19 February 2014

Old Men in Love

Old Men in Love is, according to the (fictional?) reviewer invited to provide an epilogue, Gray’s last book.  If so, it is a fitting bookend for his career, which began with Lanark, a sprawling, disjointed mess of a novel hailed as a Scottish Ulysses and the beginning of a Renaissance in Scots literature.  Like Lanark, Old Men weaves several distinct storylines around a common theme (care to guess the theme?), and presents the material, which the narrator claims is that of another writer, in a non-linear, even incoherent, order.  Old Men in Love is supposedly the collected writings of a Glasgow schoolmaster, containing the existing chapters from a planned fiction trilogy, to be called ‘Money at Play’, and chapters from his diary.

Tunnock is a bachelor who, late in life, discovered a taste for young women that is his downfall.  Diary entries describe his youth in Glasgow, his current situation, and his plans for ‘Money at Play’.  It is his fiction, however, that comprises the bulk of the text.  We get stories of a breakaway Scottish Utopianminister, an Italian painter, and a retelling of Socrates’ trial, each done in by a socially-unacceptable desire; each was to be a volume in the trilogy, but none is near complete.  The trial, which is climactic to Old Men in Love, proceeds as a dialogue and differs greatly from Plato’s account.  It is also the last thing Tunnock writes; he is re-energized by the project and making plans to finish it when he dies.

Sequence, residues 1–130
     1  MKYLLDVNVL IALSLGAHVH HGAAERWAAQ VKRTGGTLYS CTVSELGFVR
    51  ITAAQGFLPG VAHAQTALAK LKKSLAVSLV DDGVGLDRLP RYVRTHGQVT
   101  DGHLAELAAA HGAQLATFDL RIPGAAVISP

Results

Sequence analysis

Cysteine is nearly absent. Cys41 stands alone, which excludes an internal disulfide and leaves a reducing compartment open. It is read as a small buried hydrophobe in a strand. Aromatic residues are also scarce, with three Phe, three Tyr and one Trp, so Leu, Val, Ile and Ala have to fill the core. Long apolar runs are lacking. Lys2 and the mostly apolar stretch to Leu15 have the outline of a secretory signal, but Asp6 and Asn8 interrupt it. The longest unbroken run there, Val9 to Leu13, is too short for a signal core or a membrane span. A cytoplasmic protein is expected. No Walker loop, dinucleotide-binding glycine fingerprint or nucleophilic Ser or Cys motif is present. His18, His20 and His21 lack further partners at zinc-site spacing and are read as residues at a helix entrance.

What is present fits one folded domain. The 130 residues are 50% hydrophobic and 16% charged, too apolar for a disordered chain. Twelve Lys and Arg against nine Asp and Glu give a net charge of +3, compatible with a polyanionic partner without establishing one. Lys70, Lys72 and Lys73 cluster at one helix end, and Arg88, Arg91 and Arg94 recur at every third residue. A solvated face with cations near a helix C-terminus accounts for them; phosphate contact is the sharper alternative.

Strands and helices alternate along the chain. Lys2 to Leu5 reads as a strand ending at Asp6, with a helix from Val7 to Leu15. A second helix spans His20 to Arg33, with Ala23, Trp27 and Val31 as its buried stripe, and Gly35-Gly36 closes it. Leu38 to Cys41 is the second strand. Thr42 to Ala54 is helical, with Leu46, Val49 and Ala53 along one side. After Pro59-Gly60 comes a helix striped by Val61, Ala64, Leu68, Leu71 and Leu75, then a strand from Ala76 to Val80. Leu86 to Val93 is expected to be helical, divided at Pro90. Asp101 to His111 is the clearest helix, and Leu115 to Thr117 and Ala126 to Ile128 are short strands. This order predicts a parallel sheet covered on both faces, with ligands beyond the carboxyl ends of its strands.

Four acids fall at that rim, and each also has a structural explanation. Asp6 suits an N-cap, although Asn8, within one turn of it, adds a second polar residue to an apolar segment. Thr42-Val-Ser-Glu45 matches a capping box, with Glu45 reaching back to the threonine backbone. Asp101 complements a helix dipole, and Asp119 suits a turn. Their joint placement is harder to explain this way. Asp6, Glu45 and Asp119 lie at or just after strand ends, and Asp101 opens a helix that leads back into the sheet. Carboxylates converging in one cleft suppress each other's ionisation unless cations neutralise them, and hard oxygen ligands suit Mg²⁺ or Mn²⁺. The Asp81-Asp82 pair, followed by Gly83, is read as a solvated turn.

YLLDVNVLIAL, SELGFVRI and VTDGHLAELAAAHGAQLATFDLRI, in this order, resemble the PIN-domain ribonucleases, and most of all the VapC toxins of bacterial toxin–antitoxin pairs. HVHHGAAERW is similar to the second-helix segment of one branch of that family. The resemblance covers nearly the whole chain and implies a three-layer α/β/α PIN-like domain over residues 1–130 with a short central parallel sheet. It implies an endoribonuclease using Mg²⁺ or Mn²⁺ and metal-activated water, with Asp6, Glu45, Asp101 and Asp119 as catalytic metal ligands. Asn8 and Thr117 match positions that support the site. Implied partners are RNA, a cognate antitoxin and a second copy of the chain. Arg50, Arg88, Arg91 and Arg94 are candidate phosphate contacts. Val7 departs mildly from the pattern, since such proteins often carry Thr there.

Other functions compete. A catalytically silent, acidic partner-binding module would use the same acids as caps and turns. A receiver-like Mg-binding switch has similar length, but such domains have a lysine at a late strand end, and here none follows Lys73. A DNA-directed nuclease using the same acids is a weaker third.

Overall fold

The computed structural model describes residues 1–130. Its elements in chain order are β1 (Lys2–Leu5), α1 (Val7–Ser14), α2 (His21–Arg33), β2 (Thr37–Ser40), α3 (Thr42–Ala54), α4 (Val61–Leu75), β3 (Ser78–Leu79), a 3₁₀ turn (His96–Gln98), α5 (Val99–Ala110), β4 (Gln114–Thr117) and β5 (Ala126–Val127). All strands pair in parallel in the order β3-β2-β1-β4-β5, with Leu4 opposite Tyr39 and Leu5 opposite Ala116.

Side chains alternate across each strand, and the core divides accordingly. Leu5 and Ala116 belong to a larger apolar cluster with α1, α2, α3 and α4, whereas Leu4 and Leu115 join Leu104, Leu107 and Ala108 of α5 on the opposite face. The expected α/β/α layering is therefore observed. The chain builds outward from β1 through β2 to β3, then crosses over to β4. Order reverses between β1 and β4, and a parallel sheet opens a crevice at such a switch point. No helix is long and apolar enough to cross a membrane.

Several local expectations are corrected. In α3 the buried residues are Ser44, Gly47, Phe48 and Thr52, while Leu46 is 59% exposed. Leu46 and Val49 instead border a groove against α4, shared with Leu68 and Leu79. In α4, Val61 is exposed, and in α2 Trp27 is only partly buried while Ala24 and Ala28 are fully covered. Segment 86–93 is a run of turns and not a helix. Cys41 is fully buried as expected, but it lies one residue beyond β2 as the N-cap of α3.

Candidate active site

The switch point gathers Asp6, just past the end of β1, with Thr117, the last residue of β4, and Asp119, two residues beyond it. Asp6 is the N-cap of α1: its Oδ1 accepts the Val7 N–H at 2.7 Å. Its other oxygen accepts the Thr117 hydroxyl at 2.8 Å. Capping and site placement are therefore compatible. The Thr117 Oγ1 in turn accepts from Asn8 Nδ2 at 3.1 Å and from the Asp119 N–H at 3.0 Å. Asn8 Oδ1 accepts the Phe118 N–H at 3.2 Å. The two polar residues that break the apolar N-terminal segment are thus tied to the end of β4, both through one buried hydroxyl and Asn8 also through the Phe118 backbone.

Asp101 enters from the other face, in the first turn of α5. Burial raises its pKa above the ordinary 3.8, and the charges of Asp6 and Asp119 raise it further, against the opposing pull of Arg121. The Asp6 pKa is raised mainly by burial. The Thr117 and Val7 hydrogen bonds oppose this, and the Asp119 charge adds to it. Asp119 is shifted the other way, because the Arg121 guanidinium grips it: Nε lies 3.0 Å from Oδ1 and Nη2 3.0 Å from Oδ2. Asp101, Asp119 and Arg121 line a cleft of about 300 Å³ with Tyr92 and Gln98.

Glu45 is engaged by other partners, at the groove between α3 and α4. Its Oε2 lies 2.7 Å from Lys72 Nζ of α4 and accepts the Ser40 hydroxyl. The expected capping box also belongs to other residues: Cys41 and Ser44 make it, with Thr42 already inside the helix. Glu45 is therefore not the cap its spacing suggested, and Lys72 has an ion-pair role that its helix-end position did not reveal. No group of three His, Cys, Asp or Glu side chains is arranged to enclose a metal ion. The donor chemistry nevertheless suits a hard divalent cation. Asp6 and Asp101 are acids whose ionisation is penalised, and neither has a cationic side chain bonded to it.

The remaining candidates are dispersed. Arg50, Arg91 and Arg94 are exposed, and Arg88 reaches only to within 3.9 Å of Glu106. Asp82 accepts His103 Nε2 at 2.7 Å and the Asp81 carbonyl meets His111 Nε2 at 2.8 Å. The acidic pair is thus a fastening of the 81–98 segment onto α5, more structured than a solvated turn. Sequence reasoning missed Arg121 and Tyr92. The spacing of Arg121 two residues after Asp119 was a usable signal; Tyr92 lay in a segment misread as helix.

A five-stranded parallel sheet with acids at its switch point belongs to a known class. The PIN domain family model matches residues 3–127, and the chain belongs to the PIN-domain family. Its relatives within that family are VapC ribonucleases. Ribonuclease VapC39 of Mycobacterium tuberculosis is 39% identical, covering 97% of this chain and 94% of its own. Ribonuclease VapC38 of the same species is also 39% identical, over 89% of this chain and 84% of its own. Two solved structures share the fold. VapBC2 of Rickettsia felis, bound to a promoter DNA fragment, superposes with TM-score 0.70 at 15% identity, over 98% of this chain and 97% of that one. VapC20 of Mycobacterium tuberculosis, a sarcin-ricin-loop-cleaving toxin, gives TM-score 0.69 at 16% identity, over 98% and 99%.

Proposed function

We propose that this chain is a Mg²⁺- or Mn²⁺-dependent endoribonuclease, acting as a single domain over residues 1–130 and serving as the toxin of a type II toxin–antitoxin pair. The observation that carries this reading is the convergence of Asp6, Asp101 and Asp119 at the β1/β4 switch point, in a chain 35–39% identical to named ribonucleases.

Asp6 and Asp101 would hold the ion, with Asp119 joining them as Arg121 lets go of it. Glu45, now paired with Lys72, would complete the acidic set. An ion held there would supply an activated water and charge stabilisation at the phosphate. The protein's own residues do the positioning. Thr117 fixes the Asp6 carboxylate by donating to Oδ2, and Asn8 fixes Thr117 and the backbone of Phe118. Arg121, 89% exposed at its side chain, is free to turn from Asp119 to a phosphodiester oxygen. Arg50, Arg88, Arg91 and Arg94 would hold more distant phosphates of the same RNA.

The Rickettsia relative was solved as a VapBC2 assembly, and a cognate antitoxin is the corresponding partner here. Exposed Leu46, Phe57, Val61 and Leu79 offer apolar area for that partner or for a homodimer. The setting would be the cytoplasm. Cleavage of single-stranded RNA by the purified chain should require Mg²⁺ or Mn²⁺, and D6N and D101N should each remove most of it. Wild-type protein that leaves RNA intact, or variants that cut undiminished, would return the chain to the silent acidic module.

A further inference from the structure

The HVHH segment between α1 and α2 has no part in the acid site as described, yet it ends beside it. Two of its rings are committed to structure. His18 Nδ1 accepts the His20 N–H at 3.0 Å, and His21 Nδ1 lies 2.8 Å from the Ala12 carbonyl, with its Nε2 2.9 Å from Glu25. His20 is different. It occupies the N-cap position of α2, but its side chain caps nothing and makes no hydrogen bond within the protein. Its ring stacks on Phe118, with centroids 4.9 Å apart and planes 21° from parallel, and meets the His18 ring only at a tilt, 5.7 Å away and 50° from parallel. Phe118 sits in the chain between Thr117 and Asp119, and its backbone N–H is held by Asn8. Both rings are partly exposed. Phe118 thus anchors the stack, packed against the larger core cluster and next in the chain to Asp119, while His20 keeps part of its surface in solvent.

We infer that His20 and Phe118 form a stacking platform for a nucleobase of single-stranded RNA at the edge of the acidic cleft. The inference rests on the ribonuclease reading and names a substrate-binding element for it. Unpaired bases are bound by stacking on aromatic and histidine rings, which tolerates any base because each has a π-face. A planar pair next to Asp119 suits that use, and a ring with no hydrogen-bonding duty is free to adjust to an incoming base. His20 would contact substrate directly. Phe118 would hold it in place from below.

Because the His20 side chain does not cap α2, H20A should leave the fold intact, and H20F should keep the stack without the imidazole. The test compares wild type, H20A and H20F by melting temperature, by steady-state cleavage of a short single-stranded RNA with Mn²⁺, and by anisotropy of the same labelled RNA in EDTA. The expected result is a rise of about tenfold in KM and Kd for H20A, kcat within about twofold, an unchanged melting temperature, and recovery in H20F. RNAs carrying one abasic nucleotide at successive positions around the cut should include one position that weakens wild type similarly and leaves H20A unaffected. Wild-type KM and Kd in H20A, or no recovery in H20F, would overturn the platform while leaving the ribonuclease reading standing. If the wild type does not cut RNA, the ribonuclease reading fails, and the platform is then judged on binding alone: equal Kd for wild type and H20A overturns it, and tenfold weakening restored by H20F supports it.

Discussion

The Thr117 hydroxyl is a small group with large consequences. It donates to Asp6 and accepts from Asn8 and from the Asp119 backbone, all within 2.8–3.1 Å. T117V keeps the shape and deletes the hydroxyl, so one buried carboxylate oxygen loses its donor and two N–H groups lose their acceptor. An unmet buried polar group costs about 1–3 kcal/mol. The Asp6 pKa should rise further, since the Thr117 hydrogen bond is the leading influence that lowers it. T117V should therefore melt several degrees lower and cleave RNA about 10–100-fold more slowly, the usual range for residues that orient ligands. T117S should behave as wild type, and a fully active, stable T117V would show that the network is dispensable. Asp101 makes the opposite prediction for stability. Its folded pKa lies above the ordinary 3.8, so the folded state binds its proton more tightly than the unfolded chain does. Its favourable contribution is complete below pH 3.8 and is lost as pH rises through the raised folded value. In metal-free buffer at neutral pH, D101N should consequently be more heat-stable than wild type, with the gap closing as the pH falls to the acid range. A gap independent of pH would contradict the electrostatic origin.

Old Men in Love is not the important book that Lanark was, but it is another fine piece of creative history and quite a bit of fun.  It is easier to digest than Lanark, as well, being half the size and broken into easily-understood segments loosely bound by Tunnock’s story.  It would be a good introduction to the author for those who are interested in literature outside the mainstream.

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